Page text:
Two scientists who perform research at NSCL earn U.S. Department of Energy Office of Science Early Career awards

Two scientists who perform research at the National Superconducting Cyclotron Laboratory and will perform research at the Facility for Rare Isotope Beams have received U.S. Department of Energy Office of Science (DOE-SC) Early Career Research Program awards.

The program, in its ninth year, awards financial support to scientists from universities and DOE national labs to help advance their research. Research proposals are peer-reviewed and selected by one of the following six offices: Advanced Scientific Computing, Biological and Environmental Research, Basic Energy Sciences, Fusion Energy Sciences, High Energy Physics, and Nuclear Physics. This year, eighty-four scientists from across the United States were selected for the honor.

Zach Meisel

Zach Meisel, assistant professor of physics and astronomy at Ohio University, was selected by the Office of Nuclear Physics to receive funding for his proposal, “Constraining Neutron Star Structure with Indirect Nuclear Reaction Studies.” Meisel has an active experimental program at NSCL and will continue it at FRIB.

Meisel’s research involves the origin of the elements and the behavior of matter at extreme densities and low temperatures. He also investigates the structural evolution of nuclei, nuclear reactions for intermediate mass nuclides, and the development of nuclear instrumentation and analysis techniques.

"How matter behaves at the highest densities achieved by nature is an open question," said Meisel. “My research supported by the DOE Early Career Award will shed light on this by constraining processes occurring in the outer layers of neutron stars, ultradense remnants of stellar explosions, by removing some of the most important nuclear physics uncertainties involved. I’m looking forward to carrying out part of this research using the world-class capabilities of NSCL and related work at FRIB in the near future.”

Meisel earned his bachelor’s degree in astrophysics and his PhD in physics from MSU. He is a member of the Institute of Nuclear and Particle Physics and is affiliated with the Joint Institute for Nuclear Astrophysics. Meisel also conducts nuclear astrophysics research at Ohio University’s Edwards Accelerator Laboratory.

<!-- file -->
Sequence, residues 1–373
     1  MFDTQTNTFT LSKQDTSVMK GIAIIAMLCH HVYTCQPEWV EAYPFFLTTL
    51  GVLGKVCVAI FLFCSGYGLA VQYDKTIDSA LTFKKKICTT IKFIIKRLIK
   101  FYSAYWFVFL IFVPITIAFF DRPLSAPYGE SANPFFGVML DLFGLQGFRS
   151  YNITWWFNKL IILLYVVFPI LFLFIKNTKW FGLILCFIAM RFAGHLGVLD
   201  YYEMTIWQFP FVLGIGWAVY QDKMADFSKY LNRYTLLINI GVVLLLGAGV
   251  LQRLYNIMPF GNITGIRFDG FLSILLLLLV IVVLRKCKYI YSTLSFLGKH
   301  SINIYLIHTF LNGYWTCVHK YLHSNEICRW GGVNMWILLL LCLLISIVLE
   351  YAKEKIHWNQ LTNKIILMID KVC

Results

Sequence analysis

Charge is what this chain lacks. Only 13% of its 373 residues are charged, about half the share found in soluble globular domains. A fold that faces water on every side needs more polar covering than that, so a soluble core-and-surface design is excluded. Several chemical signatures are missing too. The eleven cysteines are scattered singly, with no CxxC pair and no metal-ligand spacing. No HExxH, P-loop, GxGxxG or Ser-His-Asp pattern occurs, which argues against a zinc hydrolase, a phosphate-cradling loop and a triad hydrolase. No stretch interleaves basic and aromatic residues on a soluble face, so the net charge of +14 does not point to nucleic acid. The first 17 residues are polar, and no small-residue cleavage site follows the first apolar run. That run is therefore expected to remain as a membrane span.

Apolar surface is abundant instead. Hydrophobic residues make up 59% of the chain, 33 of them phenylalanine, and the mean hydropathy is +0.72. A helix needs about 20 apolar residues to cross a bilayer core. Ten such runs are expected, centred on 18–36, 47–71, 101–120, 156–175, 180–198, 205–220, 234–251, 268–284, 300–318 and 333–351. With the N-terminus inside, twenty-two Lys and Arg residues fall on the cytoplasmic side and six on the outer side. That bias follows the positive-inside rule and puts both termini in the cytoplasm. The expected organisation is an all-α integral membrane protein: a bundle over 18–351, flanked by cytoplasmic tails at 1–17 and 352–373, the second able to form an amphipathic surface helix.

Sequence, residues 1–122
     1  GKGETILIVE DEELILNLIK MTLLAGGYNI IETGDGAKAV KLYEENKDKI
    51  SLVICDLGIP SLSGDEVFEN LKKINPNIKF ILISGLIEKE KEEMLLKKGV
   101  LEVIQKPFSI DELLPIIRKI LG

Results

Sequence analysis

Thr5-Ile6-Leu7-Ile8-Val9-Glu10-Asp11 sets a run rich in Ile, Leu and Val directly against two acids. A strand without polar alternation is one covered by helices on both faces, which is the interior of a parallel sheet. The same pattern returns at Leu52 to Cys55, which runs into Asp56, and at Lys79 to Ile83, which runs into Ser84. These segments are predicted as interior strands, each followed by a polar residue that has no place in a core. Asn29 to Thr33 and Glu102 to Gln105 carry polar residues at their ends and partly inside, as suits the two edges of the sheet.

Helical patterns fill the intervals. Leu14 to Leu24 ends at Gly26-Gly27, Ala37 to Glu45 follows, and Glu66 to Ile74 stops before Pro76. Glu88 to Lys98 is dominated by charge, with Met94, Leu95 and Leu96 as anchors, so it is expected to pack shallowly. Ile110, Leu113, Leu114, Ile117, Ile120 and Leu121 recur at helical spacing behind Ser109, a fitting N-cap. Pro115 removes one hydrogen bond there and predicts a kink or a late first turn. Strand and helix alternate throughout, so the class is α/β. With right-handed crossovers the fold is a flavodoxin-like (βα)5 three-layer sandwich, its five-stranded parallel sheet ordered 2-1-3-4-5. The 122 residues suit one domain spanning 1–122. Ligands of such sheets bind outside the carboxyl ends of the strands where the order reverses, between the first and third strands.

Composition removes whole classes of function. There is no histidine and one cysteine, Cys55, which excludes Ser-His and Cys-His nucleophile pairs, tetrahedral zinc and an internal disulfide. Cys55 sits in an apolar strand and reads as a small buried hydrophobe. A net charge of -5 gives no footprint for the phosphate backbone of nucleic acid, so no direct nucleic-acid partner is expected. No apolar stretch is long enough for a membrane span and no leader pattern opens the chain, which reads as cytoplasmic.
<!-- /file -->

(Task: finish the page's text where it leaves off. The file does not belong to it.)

Jaideep Singh

Jaideep Singh, Michigan State University assistant professor of physics at FRIB, was selected by the Office of Nuclear Physics to receive funding for his proposal, “Towards a Next Generation Search for Time-Reversal Violation Using Optically Addressable Nuclei in Cryogenic Solids.” Singh has a joint appointment in the Department of Physics and Astronomy.

Singh’s research examines how certain rare atoms with a pear-shaped core (nucleus) have unmatched sensitivity to new kinds of forces between subatomic particles that are not the same when the arrow of time is reversed. Such forces are believed to be responsible for all of the visible matter in the observable universe. These rare atoms, some for the first time, will be produced in large numbers at FRIB. In anticipation, he is developing a very sensitive laser-based clock using more common atoms implanted inside of a transparent sheet of frozen neon at very cold temperatures (-452 degrees F). Implantation into a solid is potentially an effective way to both efficiently capture and repeatedly probe the small number of rare atoms, such as radium and protactinium. The potential sensitivity of this new approach could be at least a few hundred times greater than the current leading experiment.

“I was speechless when I was informed by my DOE Program Officer that I was to receive Early Career Award,” said Singh. “It will accelerate my research program by about fifteen years. The award is a recognition of both the world-class scientific support at the laboratory as well as the unique scientific opportunities of FRIB.”

Singh earned his bachelor’s degree in physics from the California Institute of Technology, and earned his PhD in physics from the University of Virginia. He was a postdoctoral fellow at Argonne National Laboratory and a postdoctoral research scientist at Technische Universitaet Muenchen in Germany. In 2014, he joined MSU as an assistant professor in experimental nuclear science and began his research at NSCL.

Award winners